Foreword Reviews

Starred Review:

The Pinks

The First Women Detectives, Operatives, and Spies with the Pinkerton National Detective Agency

2017 INDIES Winner
Honorable Mention, True Crime (Adult Nonfiction)

The Pinks reads like a historical thriller, with one fascinating plot twist: it is based wholly on truth.

Chris Enss’s The Pinks offers an engrossing look at the women’s flank of the famed Pinkerton group, which provided services of security, protection, investigation, and, in many cases, infiltration by its initially all-male staff of “private eyes.”

Allan Pinkerton had an innovative and invasive approach to dealing with crime and criminals. After immigrating to the United States from Scotland, he eventually established the Pinkerton offices in Chicago. Six years after the agency opened, Kate Warne had the audacious foresight to apply for a job as a Pinkerton detective, despite the fact that Pinkerton himself had never considered hiring women. Warne argued that women could assume undercover roles as ably as men, and that feminine intuition and charm could help them excel as undercover agents.

Though Pinkerton knew the work would be dangerous, he hired Warne and assigned her to numerous cases. Enss depicts Warne as an excellent actress, able to alter her appearance, accent, and mood quickly and convincingly. Pinkerton’s investigations were often complex and went on for extended periods of time as the agents gained the confidence of key individuals—or the guilty parties themselves. Warne rose to every challenge, including escorting a disguised Abraham Lincoln to Washington via train in 1861. The then president-elect was in danger of assassination by a Baltimore cadre of secessionists who wanted Lincoln dead before he even had a chance to take office.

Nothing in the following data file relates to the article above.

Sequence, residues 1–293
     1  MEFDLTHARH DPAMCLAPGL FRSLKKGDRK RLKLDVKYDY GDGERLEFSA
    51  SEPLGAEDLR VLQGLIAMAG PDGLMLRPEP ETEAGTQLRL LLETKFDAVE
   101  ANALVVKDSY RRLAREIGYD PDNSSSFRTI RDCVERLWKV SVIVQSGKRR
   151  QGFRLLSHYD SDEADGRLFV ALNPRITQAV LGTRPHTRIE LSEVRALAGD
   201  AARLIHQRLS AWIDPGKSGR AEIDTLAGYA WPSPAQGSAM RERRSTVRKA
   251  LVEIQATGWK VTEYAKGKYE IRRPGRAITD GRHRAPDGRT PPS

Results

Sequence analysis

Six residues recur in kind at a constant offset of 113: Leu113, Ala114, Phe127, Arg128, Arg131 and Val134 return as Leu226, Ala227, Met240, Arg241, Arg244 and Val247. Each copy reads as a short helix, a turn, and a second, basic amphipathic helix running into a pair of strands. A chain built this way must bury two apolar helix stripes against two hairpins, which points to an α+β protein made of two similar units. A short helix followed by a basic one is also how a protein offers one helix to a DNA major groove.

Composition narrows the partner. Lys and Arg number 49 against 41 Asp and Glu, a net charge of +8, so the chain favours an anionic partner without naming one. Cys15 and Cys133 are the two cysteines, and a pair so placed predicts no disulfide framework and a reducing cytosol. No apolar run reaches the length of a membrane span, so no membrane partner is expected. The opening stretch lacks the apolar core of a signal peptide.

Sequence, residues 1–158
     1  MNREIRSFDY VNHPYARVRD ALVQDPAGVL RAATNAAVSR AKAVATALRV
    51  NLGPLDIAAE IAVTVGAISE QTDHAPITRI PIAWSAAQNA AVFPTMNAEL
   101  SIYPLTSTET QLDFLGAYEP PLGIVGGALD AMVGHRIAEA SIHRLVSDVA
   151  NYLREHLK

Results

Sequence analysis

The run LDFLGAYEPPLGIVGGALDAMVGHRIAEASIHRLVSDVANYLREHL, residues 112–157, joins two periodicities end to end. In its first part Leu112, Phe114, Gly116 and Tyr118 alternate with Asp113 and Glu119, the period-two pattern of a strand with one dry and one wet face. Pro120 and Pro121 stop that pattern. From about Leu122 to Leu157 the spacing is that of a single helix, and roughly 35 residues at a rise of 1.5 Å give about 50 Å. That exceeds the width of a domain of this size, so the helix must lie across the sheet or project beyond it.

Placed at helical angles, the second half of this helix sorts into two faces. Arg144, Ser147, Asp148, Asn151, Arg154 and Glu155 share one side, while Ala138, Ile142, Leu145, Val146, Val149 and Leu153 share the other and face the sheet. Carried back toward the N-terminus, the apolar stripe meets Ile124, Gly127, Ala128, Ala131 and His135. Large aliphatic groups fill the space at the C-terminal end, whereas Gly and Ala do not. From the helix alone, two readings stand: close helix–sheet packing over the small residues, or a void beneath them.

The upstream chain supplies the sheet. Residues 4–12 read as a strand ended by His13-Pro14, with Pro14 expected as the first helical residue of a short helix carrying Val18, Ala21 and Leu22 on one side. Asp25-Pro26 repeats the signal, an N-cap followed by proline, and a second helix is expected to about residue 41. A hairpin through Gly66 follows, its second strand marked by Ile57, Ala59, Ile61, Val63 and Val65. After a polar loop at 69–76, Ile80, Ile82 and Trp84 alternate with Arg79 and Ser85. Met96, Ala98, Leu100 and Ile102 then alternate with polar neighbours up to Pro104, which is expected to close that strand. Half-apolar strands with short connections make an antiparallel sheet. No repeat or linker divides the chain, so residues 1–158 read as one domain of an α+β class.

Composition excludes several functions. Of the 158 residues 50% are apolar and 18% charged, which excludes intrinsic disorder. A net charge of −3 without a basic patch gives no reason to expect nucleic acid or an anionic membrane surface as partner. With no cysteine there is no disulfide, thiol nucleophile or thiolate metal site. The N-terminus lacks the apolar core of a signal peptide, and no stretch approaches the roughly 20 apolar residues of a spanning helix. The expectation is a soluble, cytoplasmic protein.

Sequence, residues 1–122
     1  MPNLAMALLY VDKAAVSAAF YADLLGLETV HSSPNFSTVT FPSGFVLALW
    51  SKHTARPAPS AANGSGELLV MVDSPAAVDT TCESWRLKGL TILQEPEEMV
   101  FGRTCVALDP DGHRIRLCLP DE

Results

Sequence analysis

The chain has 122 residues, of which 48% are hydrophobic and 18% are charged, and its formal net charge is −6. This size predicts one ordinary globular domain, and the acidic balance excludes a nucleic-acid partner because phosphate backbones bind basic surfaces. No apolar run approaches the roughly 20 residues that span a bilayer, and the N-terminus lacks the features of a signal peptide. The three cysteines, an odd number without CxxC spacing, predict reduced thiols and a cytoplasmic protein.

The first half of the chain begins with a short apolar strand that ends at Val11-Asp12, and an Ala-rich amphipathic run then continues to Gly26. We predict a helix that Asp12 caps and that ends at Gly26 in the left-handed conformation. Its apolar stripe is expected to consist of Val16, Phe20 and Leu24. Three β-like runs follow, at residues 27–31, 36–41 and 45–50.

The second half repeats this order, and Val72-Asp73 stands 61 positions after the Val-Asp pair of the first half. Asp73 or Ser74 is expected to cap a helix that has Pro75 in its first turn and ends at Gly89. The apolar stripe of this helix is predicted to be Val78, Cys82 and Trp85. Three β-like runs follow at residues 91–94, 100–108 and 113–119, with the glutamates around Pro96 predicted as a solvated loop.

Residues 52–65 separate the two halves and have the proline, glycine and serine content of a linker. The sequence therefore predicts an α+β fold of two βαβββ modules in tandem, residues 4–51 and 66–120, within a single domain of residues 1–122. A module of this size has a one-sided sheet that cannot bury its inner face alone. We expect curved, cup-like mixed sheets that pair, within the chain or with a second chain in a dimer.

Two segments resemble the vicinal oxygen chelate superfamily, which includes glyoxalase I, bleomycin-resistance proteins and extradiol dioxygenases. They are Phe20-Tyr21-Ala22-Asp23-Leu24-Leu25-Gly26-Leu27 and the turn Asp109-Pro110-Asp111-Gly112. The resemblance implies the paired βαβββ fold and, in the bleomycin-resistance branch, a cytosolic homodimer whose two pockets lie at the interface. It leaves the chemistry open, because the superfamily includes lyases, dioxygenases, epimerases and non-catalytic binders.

The Pinks notes how Warne’s success encouraged Pinkerton to employ other women, placing them in roles of general investigation or even espionage during the Civil War. They pursued murderers, carried classified documents, decoded messages, and maintained their cover in highly charged situations. Ultimately, the Pinkerton logo became that of a watchful female eye, accompanied by the apt motto of “We Never Sleep.” However, despite Pinkerton’s equal-opportunity mind-set, official American police forces did not hire female detectives until the late nineteenth century.

The Pinks details Warne’s career as a Pinkerton detective, along with various other cases assigned to female agents like Hattie Lawton, Dr. Mary Edwards Walker, and the artistically gifted Lavinia “Vinnie” Ream. Filled with intrigue, suspense, bravery, and women’s accomplishment,The Pinks reads like a historical thriller with one fascinating plot twist: it is based wholly on truth.

Reviewed by Meg Nola

Disclosure: This article is not an endorsement, but a review. The author of this book provided free copies of the book to have their book reviewed by a professional reviewer. No fee was paid by the author for this review. Foreword Reviews only recommends books that we love. Foreword Magazine, Inc. is disclosing this in accordance with the Federal Trade Commission’s 16 CFR, Part 255.

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